Generating Interest

Group works to preserve
family and community history

Genealogical Society to continue
cemetery restoration work

By Lela Jane Bradshaw
Contributing Writer

(March 2011) – While in many ways genealogical research can be a very personal journey, a Madison, Ind., group is proving that it doesn’t have to be one that you take alone.
Each month, the Indiana Genealogical Society meets to help support members in the mission of tracing their family history and learning more about their relatives from years ago. Society president Joyce Perkins explains that,“We really want to preserve the records and research for people that are going to come after us.”
Once people start the process of peering back into their family tree, they often find that they keeping wanting to know more. Society charter member Janice Barnes says of the research, “It’s like putting together a big historical crossword puzzle.”
Perkins agrees, noting that “You find one thing and it leads you to something else.”
The Indiana Genealogical Society meets the second Thursday of each month at the Madison-Jefferson County Public Library, 420 W. Main St. The upcoming meeting will be held at 1 p.m. on March 10. The society invites the public to come and learn more about the group and discover ways of learning more about their own family history.
“We’re glad to help them out and get them started,” says Perkins. The group currently has about 35 members and is always looking to grow. The March meeting will focus on the Genealogical Society’s plans to continue their project of restoring and repairing area cemeteries.
The Indiana Genealogical Society has been very active in working to upkeep a variety of cemeteries and plots that might otherwise be forgotten or neglected.
“Last year, all together we straightened about 250 stones,” notes Perkins.
Not only do the headstones provide an important record of dates and names, but they also serve as a personal link to the past for many families. After the society worked to restore one area tombstone, Perkins became interested in trying to discover whether there were any living relatives of that family. After connecting with a man on a popular genealogical website, she sent him photos of the restored stone.
“He was so joyful to know that someone had found one of his ancestors,” she recalls. “It gives you a feeling of such self worth to think I’m helping someone’s family. It’s just a really good feeling.”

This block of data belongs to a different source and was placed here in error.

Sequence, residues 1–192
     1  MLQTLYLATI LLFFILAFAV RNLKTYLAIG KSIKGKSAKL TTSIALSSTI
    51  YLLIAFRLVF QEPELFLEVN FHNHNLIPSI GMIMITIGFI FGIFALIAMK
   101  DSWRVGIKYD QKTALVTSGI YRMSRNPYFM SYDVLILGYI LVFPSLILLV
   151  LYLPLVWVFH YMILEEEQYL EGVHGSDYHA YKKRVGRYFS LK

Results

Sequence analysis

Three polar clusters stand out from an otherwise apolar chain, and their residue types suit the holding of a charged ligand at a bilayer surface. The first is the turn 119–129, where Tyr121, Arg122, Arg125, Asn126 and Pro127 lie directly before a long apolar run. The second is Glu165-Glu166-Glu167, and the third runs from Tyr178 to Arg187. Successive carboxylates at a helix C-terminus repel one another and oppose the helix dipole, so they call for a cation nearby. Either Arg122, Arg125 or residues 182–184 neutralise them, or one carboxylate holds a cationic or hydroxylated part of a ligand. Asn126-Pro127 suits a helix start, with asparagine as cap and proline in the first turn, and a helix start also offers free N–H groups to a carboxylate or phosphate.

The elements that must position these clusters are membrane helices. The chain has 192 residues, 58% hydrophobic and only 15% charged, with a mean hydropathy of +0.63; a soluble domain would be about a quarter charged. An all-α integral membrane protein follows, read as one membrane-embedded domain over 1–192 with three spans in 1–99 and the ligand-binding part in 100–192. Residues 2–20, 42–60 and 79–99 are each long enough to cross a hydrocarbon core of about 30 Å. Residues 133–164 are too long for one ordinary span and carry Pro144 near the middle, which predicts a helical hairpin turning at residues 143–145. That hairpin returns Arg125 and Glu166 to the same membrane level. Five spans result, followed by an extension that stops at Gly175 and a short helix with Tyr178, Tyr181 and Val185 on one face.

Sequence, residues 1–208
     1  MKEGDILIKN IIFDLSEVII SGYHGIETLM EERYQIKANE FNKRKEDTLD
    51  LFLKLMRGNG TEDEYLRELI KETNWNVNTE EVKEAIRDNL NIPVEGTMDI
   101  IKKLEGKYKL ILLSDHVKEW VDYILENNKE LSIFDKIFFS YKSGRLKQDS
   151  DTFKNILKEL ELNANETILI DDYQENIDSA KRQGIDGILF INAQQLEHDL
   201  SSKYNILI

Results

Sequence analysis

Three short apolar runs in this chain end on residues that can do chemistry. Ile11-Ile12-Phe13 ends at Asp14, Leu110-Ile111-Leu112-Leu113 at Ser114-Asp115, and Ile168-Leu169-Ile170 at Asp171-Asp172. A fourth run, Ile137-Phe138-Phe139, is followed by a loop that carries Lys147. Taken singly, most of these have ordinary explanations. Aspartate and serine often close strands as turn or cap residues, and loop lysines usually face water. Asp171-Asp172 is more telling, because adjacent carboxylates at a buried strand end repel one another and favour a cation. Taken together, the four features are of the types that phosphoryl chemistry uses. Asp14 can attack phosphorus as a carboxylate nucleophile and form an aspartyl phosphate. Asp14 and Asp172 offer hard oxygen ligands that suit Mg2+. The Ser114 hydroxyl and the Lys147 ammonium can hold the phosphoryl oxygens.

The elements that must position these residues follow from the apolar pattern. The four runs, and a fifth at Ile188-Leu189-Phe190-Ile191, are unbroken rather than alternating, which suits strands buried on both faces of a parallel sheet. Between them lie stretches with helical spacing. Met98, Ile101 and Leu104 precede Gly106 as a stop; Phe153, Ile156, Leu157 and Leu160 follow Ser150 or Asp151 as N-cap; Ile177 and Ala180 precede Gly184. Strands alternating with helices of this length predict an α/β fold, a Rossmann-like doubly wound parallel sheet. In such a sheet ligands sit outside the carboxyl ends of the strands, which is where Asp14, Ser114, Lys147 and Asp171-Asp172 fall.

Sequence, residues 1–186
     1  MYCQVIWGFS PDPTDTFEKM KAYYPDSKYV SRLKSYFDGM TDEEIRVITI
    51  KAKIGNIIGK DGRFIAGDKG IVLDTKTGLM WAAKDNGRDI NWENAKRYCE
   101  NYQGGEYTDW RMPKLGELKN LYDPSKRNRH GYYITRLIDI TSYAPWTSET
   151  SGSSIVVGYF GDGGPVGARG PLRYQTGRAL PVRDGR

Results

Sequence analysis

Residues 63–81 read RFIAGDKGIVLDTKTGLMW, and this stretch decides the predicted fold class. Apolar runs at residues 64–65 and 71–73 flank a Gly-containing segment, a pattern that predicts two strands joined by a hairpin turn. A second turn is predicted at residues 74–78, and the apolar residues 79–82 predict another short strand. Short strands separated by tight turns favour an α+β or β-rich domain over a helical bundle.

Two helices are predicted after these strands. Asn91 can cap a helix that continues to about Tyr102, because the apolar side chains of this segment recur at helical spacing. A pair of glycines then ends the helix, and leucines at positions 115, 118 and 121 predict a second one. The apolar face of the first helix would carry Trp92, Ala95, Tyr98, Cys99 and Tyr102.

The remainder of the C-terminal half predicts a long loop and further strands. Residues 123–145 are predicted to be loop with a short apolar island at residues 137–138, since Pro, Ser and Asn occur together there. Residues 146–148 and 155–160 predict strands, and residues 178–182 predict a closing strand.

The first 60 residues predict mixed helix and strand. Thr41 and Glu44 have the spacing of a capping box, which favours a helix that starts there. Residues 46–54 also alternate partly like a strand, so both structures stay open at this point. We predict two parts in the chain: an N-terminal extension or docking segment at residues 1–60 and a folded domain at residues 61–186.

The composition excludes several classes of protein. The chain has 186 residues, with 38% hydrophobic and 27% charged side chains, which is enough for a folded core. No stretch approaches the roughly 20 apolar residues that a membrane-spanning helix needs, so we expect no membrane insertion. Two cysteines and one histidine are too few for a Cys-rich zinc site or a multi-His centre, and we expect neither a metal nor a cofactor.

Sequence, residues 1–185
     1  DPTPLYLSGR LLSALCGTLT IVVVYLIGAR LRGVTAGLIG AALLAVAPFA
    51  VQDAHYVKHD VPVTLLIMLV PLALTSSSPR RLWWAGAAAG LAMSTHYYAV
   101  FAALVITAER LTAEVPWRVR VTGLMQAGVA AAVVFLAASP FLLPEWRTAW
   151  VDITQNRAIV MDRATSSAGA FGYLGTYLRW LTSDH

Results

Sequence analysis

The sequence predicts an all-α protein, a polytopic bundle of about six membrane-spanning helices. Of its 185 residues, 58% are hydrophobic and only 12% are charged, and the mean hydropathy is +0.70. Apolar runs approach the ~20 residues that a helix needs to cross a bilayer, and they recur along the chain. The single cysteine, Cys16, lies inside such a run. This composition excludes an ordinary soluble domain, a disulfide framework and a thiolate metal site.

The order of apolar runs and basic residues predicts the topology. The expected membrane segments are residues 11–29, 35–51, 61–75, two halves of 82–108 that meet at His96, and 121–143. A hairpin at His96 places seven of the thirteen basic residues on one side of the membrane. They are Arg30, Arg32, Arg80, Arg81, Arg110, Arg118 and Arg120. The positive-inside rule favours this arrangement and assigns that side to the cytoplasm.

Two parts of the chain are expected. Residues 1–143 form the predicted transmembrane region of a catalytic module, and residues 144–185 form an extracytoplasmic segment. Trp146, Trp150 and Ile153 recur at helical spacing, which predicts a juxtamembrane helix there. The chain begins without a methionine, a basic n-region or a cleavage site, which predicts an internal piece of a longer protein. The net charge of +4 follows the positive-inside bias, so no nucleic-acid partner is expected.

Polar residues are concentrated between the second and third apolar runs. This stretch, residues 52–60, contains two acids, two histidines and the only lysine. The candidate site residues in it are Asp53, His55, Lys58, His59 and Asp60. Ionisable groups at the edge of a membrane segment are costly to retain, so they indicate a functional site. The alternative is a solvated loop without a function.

For those just beginning to explore their own past, Perkins has some tips. “There are a world of different ways out there to find research,” she says. She listed the Internet, the library and newspaper obituaries as some of her favorite sources of information. She stresses the fact that over the years many families have changed the spelling of last names and people should be willing to spend some time looking over records where names are spelled a variety of ways.
“As you go along and go back through the years the spellings can sometimes change significantly,” she notes.
Sometimes immigrants would change their names to better fit in to their new homeland. Other times, Census workers might accidentally take down an alternate spelling, particularly if speaking with someone who was illiterate. And sometimes family legends will even attribute the different spellings of surnames to family feuds.
Barnes, who also serves as genealogist and Local History Librarian at the Madison library, advises people interested in genealogy to start off by doing a bit of digging themselves. “I think really before they come into the library they need to do work at home,” she says.
She advises prospective genealogy students to “talk to the older members of the family. Get that basic handle. You need names and dates to start with in the library.”
Once people have a bit of background information. They can make good use of the library’s many resources. “We have newspapers on microfilm from about 1817 through the present,” notes Barnes.
Copies of a variety of courthouse records are also available including deeds, marriage records, and some tax records. Another set of valuable resources are the hundreds of histories compiled by Jefferson County families. Over the years, many people have collected copies of their own research and provided the library with that information.

• For more information, visit: http://jeffersoncountygenealogicalsociety.org.

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